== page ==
If you have Azure AD Premium (as schools in NZ do via the Ministry of Education Schools Agreement with Microsoft) then you can even use a self-service portal where your end users can request access to a specific group to gain a license as they need it.

This is a great announcement and one that schools should keep a close eye on for easier management of O365 licenses.

Quick Insights Into Big Data With PowerBI & Machine Learning

UPDATE: I see on LinkedIn that Gartner Business Intelligence and Analytics Magic Quadrant 2017 has been released recently showing Microsoft continues to be the leader in terms of vision and ability to execute. I do encourage you to read the full report here but the one specific take away is here:

Microsoft is recognized for the constant and fast development of Microsoft Power BI. This is the 10th consecutive year that Microsoft has been positioned as a leader.

powerbiFollowing on from my last post that referenced how the Cortana Intelligence Suite was powering Sticky Notes into the 21st Century through the use of machine learning, I’ve just seen a relatively new feature in PowerBI that is doing the same thing. It’s called Quick Insights and you can read all about it on the following link:

Quick Insights With PowerBI

The basic overview is that after you’ve published your data set from PowerBI Desktop to PowerBi in the Azure cloud, you can either start to manually build some reports for your data and analyse it with questions you may have OR you can use Quick Insights. As per the website:

The Quick Insights feature is built on a growing set of advanced analytical algorithms developed in conjunction with Microsoft Research that we’ll continue to use to allow more people to find insights in their data in new and intuitive ways.

To see this in action, watch the following video showing some examples:

The reality is I think the ability of advanced analytical algorithms to find trends or outliers “hidden” in data will probably exceed the abilities of amateur “data scientists” who are doing their best to pick these out. I recall a post on LinkedIn from Dr Joe Sweeney where he talked about the real value in big data being in the algorithms and the companies that can develop those the fastest/best will be in a strong position.

It will be interesting to see how smart these Quick Insights end up being when end users, particularly schools who typically don’t have full time data scientists working for them, start to use them to interrogate their data.

Talking of examining data, this is a good example from Microsoft’s Ray Fleming showing how the natural language Q&A feature can drill down deep into your data and auto-magically format it for you:

This example is not using machine learning, but instead leveraging well named fields in the data’s table structures to quickly locate and visualise data.

Editing With Natural Hand Gestures & Digital Inking

Over the last couple of years I have had innumerable conversations with teachers who love the power of OneNote for editing student work quickly and easily, especially when combining the digital inking experience on a tablet such as a Surface Pro. Perhaps the best example of this was the recorded conversation I had with the Head of English at St Andrew’s College:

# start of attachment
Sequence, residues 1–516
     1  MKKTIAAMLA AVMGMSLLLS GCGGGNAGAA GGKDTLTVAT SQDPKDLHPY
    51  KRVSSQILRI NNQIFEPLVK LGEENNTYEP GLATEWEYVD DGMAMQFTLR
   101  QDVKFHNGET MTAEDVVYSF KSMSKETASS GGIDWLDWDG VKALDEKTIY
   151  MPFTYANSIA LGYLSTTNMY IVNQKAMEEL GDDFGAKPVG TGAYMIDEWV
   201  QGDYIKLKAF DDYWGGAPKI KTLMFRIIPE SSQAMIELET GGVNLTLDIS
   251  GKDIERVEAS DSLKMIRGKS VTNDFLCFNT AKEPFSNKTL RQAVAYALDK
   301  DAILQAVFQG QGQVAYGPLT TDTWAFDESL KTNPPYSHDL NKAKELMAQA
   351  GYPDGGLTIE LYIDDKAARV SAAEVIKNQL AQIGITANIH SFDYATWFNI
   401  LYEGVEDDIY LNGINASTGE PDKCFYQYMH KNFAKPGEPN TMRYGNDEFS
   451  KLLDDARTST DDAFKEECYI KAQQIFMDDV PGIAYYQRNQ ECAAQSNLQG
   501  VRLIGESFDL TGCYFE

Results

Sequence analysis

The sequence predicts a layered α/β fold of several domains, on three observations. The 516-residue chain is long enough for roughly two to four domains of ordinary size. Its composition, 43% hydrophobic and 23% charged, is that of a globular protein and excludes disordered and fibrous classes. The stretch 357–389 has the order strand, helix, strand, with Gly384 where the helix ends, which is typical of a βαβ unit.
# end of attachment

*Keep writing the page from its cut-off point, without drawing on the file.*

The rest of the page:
I’ve been really excited to see that a couple of new editing features have been added to Word, Excel and PowerPoint in Office 2016 and these are:

  • Ink Editor – easily markup / remove text using natural hand gestures with your pen
  • Ink Replay – if you’ve made significant comments on a Word, Excel or PowerPoint document sometimes it can be hard for your fellow editor to understand your train of thought. With Ink Replay, they can watch your edits all over again.

I’ve made a short video showing how this can be achieved:

Sticky Notes Powered By Cortana Intelligence Suite:

Another cool feature of Windows 10 is the Sticky Notes. In and of themselves, they operate very similarly to sticky notes on any other operating system. However, you can now give them a real power boost by linking to the Cortana Intelligence Suite to give you insights and do more.

To do this, you first need to enable the insights:

sticky-notes

To leverage the power of Cortana you need to Enable Insights

Once this is done you can see the power immediately as demonstrated here:

Putting to one side the very clever intelligence that lies beneath the surface to enable things like Ink Editor and smart Sticky Notes, the real benefits here is the saving of time. Editing a document with natural hand gestures and a digital pen remains the most efficient method for most people. Similarly, having your natural handwriting analysed for key words or phrases and reminders generated speeds up some of the more mundane tasks we all have to deal with in life.

If you’ve not given these a go, try them out now and feel free to leave a comment below on any neat ways you’ve used this technology.

 

 

 

Professional Learning Communities Groups in Office365

office-365-fi-625x321Back in mid-2016 Microsoft released PLC Groups for Office365 and I have to admit, I completely missed this feature release.

You can read the full announcement on the official Office365 blog post here.

I guess I’m pretty excited about this for a few reasons, primarily because it links into the professional development model that is increasingly being adopted in New Zealand schools – that of Professional Learning Groups (PLG) using inquiry based models. Certainly, at St Andrew’s College where I was the Director of ICT for the last five years, this was adopted back in 2012 and resources for these groups would typically use a OneNote or a Moodle course to collate resources over the period of the inquiry. Whilst this was fine, it was always a pain to keep track of group members and making sure that everyone was being included in group messages. The official blog post above highlighted some of the challenges as well:

  • Teachers can be isolated, time is severely limited and collaboration is difficult.
  • Professional collaboration tools are disconnected and don’t always support meaningful, sustained collaboration.
  • A challenge for many PLCs is extending the work and relationships in the times and spaces between physically coming together.
  • It can be difficult for new teachers to ramp up.
  • Information is often stored in personal spaces as opposed to one common place that can benefit others.
  • New members need to better understand the journey, story, exploration and history of a PLC, its activities and areas of inquiry.